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Definitions of Femininity

What makes you a woman? What circumstances need to exist in your life to feel as though you’ve earned the title and trappings of womanhood?

I ask because there has been a longtime conversation raging in popular culture about what makes a man “a man”. The responses are very limited in range, in my view, and may sound very familiar to you.

  • A man is able to provide (financially) for a woman/his family.
  • A man is someone who is able to protect those he loves.
  • A man is physically strong. (My assumption is that this is necessary for the protection of the aforementioned loved ones.)

One after another, the handful of men I queried – including my own husband, whom I consider quite progressive – gave variations of the same 3 responses. What that says to me is that a male cannot define himself as a man in a vacuum. His definition of manhood or masculinity cannot function independently of a relationship of something/someone else.

I got to thinking about what my personal definition of femininity and/or womanhood would be. In the old days, they would say that you became a “woman” with the onset of menses. This means that girls as young as 10 years old qualified as women because biologically, they were capable of making a baby. Fortunately, may of us have been liberated from the doctrine of the good old days.

I find that what makes me a ‘woman’ flies in direct opposition of what makes a man ‘a man’. My foray into maturity means that I am able to care for myself. That I have a capacity to protect myself from threats. That I have earned the freedom to care for and attire my body as I see fit. That I am able to gain as much knowledge and information for myself as possible – with the goal of using them as tools to further my personal ambitions – and impart that knowledge to someone else. Financial and economic independence makes me feel incredibly womanly. For me, in order to consider myself a mature woman means self-reliance and self-actualization. Funnily enough, I have never considered childbirth and/or rearing as markers of ultimate femininity, despite the fact that I have had and am raising four kids. I find that odd, given what my somewhat traditional upbringing informs me: That in order to be a “real woman”, one must have gone through the exercise of giving birth – and if possible – done so on multiple occasions.

I’m curious to know: How would you define femininity? What informs your ideas about this concept? If you would like to write an extensive essay on your thoughts, I won’t be mad! (Send your document to adventuresfrom[at]gmail . com) The concept of gender is ever expanding and changing, and I believe to each of us, that milestone is something that we must all ponder and is informed by personal experiences. What makes you a woman, Adventurer?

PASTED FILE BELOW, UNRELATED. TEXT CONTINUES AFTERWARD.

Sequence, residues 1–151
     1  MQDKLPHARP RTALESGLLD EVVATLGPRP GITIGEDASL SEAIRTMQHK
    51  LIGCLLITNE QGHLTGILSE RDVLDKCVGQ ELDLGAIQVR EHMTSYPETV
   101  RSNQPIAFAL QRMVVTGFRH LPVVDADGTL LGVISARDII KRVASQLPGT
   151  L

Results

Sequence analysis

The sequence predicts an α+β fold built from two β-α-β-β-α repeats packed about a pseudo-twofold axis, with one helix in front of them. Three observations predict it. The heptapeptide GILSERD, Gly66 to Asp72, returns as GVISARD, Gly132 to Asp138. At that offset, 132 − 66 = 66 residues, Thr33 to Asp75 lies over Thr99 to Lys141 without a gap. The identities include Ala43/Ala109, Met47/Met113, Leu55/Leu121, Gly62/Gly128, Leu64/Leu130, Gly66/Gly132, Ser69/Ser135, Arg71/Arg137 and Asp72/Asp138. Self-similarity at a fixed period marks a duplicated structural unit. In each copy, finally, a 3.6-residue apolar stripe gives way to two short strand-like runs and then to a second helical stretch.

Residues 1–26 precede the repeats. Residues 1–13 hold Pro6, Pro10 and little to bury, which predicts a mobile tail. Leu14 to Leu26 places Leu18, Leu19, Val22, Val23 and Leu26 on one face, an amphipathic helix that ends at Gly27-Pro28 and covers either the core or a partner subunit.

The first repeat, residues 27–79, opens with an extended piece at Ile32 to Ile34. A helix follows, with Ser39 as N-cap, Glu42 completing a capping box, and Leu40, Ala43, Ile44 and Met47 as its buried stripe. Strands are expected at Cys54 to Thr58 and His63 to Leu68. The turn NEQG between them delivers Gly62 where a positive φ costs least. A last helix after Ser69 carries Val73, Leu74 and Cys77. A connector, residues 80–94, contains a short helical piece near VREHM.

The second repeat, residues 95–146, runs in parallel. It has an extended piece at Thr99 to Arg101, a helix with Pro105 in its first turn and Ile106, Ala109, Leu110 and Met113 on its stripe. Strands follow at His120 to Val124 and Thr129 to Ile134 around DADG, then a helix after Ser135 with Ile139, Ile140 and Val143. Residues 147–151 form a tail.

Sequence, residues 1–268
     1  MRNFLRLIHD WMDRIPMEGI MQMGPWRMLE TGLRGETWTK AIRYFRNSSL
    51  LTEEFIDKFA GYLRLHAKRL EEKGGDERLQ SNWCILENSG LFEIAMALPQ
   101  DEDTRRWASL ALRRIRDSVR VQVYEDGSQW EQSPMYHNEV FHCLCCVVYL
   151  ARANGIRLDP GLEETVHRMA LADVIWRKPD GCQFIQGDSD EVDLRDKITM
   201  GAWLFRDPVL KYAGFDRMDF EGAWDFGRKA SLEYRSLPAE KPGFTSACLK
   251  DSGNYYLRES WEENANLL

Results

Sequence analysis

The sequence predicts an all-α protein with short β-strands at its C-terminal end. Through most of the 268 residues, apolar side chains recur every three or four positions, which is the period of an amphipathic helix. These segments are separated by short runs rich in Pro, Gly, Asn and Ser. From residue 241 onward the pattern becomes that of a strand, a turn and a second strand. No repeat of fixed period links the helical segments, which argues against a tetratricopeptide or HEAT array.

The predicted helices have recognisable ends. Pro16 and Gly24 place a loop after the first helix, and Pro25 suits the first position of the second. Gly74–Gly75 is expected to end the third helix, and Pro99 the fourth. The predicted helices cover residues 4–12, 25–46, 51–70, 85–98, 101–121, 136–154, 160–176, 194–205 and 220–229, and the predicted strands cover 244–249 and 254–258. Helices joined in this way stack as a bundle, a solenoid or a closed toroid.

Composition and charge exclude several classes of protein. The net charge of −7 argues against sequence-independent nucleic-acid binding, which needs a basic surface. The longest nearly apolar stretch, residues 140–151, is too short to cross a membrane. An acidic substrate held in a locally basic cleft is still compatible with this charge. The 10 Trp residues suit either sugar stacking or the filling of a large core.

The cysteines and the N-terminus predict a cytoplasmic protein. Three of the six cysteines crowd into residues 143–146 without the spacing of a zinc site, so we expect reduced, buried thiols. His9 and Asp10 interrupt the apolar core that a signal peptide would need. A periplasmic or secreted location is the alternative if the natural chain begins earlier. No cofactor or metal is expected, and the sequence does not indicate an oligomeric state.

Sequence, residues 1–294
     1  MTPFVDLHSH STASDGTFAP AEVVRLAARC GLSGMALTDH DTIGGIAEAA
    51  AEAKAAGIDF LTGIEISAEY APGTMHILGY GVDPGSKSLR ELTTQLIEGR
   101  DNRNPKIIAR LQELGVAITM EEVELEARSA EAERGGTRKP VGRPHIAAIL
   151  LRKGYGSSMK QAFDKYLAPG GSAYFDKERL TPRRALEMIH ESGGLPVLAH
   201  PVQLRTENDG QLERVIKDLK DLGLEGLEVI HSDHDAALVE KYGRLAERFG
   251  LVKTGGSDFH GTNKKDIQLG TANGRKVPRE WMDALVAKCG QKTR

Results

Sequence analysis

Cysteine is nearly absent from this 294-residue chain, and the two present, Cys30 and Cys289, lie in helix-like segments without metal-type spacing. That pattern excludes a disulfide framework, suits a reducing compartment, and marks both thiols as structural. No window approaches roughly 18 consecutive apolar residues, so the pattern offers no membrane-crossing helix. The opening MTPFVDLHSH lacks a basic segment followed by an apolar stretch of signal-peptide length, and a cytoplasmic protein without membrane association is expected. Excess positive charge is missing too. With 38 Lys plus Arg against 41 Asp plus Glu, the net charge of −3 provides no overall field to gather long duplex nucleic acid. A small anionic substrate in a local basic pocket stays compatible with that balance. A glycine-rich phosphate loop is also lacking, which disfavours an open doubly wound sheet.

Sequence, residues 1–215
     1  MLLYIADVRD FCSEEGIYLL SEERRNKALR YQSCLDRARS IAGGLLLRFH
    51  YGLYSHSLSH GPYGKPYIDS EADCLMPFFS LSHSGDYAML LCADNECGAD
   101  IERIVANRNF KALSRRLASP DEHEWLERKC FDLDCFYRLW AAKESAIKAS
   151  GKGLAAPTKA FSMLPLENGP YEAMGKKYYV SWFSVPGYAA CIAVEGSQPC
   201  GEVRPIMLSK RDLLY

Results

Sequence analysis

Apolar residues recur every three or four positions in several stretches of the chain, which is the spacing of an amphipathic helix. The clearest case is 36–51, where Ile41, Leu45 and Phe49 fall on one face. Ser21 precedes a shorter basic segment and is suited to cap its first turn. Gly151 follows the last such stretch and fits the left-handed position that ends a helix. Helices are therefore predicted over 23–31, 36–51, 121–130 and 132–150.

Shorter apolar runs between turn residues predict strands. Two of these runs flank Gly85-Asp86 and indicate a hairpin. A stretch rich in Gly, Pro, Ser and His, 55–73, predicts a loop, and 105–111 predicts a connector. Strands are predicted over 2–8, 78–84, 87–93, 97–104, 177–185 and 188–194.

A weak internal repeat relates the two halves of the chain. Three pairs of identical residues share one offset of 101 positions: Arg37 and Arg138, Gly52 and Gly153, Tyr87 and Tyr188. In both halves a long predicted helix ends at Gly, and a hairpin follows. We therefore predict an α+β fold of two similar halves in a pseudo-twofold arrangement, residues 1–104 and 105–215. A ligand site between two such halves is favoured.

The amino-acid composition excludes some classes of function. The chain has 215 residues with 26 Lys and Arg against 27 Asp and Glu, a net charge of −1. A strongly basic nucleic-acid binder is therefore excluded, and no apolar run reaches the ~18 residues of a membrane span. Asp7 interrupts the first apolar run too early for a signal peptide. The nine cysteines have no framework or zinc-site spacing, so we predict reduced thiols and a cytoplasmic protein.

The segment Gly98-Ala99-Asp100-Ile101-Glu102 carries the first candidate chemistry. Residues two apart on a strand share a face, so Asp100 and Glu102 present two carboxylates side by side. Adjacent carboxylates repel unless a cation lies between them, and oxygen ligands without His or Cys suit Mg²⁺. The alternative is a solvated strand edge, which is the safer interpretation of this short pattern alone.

About the Author

Published on: 15 November 2017 by in General Issues

has written 174 stories on this site.

2 Comments
  1. Nana Darkoa says:

    I think heterosexual men need to expand their definitions of masculinity 🙂

    In my opinion, our thinking around femininity has been based on what we have been told, seen and experienced in our respective cultures. Who remembers being told ‘girls should not sit with their legs open’, or ‘you are a girl, you have to help mummy in the kitchen’. I think a lot of what we have been told about how we need to be as girls or women is rubbish, and designed to keep us in roles where we are primarily caring/nurturing everybody else other than ourselves. I would like to see more people define themselves outside of the limited boxes our societies try to pen us in.

    I think what’s most fascinating nowadays is that more and more people are realising that they do not need to fit neatly into societal boxes. Of course there are many societies (think of the hijras of India) where people have not always conformed to the gender norms.

    Men can be feminine. Women can be masculine. Some people do not fit neatly into a masculine or feminine box, and experience their gender identity as more fluid.

    Thanks MASI for opening up this conversation. I would especially love to see some submissions by people fucking up ideas around the gender norms. Do you identify as a woman? Tell us why

  2. Malaka says:

    “Men can be feminine. Women can be masculine. Some people do not fit neatly into a masculine or feminine box, and experience their gender identity as more fluid.” – Yes ma’am! This is truth. There are days when I feel masculine as hell.

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